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March 26, 2018 | by  | in Arts Film |
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Bears in Film

(Only one of these films is actually about bears.)

The New: Paddington 2 (2017)


By Meg Doughty

When the world of uni, Studylink, and your damp Aro Valley flat feels especially cold and cruel, snuggle yourself up and put on Paddington 2. If you haven’t seen the first instalment,  Paddington, I would highly recommend a double feature.

Be careful when watching Paddington. I was feeling a little emotionally vulnerable and was in full blown tears in the first ten minutes, sobbing “they better be f**king nice to Paddington”. At least I knew I was invested.

Hugh Bonneville and Sally Hawkins are especially delightful as the bear’s caretakers, and the titular character, voiced by the gorgeous Ben Whishaw, will make you cry, sigh, and laugh your socks off. In Paddington 2 Hugh Grant’s excellent (self aware?) performance of an actor past his prime is rather tongue in cheek, carrying great comedic value. The rest of the cast includes every British actor you’ve ever seen on television, and they all do splendidly.

However, the stand out of the film is its bright colour palette, and equally vibrant script. The writing is truly excellent, and not one part of the narrative is irrelevant. The writers trust their audience to recollect and connect events in a very adult way, while also creating ridiculous situations everyone can laugh at. Genuinely, there are several pee-your-pants laughs in this film.

If your fancy is tickled by absurdity, kind hearts, and Hugh Bonneville doing yoga, this is the film for you. Paddington and his shenanigans (because this is a film that will make you want to use words like shenanigans) are chicken soup for the soul in the best of ways. So if you don’t have plans this evening, or even if you do, put on Paddington 2.

The New(er): Annihilation (2018)


By Emma Maguire

Annihilation scared me shitless and I’m not even ashamed to say that. After it was released on Netflix a couple of weeks back, post-Paramount’s weird removal of it from Kiwi cinemas (because they thought it was too intellectual, come on), I watched it in the dark late at night and freaked the absolute fuck out.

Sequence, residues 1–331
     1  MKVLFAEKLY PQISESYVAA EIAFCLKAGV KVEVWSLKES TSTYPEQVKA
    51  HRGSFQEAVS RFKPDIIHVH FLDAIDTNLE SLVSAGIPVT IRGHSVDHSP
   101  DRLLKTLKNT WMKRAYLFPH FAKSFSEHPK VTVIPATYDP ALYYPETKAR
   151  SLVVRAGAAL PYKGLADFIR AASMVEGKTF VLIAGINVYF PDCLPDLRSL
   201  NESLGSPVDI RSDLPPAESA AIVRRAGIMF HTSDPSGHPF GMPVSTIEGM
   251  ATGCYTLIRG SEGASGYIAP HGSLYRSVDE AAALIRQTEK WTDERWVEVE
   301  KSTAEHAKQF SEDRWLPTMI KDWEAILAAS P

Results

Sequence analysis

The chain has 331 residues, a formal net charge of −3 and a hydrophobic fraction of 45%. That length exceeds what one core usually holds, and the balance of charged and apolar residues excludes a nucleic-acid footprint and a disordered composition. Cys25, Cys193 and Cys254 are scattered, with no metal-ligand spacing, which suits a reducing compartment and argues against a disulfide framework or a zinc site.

This film isn’t a horror film in the traditional sense. It’s sci-fi, a psychological thriller, and horror, all rolled into one. Former soldier Lena (Natalie Portman) decides to venture into the ‘Shimmer” — a mysterious scientific anomaly — to figure out what caused the near-death of her husband. She, along with four other women with nothing to lose, discovers that the world within the “Shimmer” is quite unlike their own. They must stop the Shimmer’s spread before it consumes Earth.

Annihilation is a stunning celebration of life, death, and the self-destructive nature of humanity. The wordless climax of the film (and I will not give you any spoilers, but it is stunning and horrific in equal measures) reads exactly like an allegory for depression. Lena’s own self is what is trapping her, and without a lifeline out of her head, she’s unable to escape.

This film is brutal, there’s no doubt about that. It pulls no punches with the bloodiness and the violence of some of its scenes.The “bear” scene in particular stuck with me for hours after I finished watching. Annihilation is not light sci-fi, but it’s smart sci-fi; forcing you to confront your humanity, your grief, and how you see the world, which is surely the greatest power that fiction has to offer.

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He Tāonga

:   I wanted to write this piece, in order to connect to all tauira within the University, with the hope that we can all remind ourselves that we are a part of an environment which is valuable, no matter our culture, our beliefs or our skin colour. The ultimate purpose of this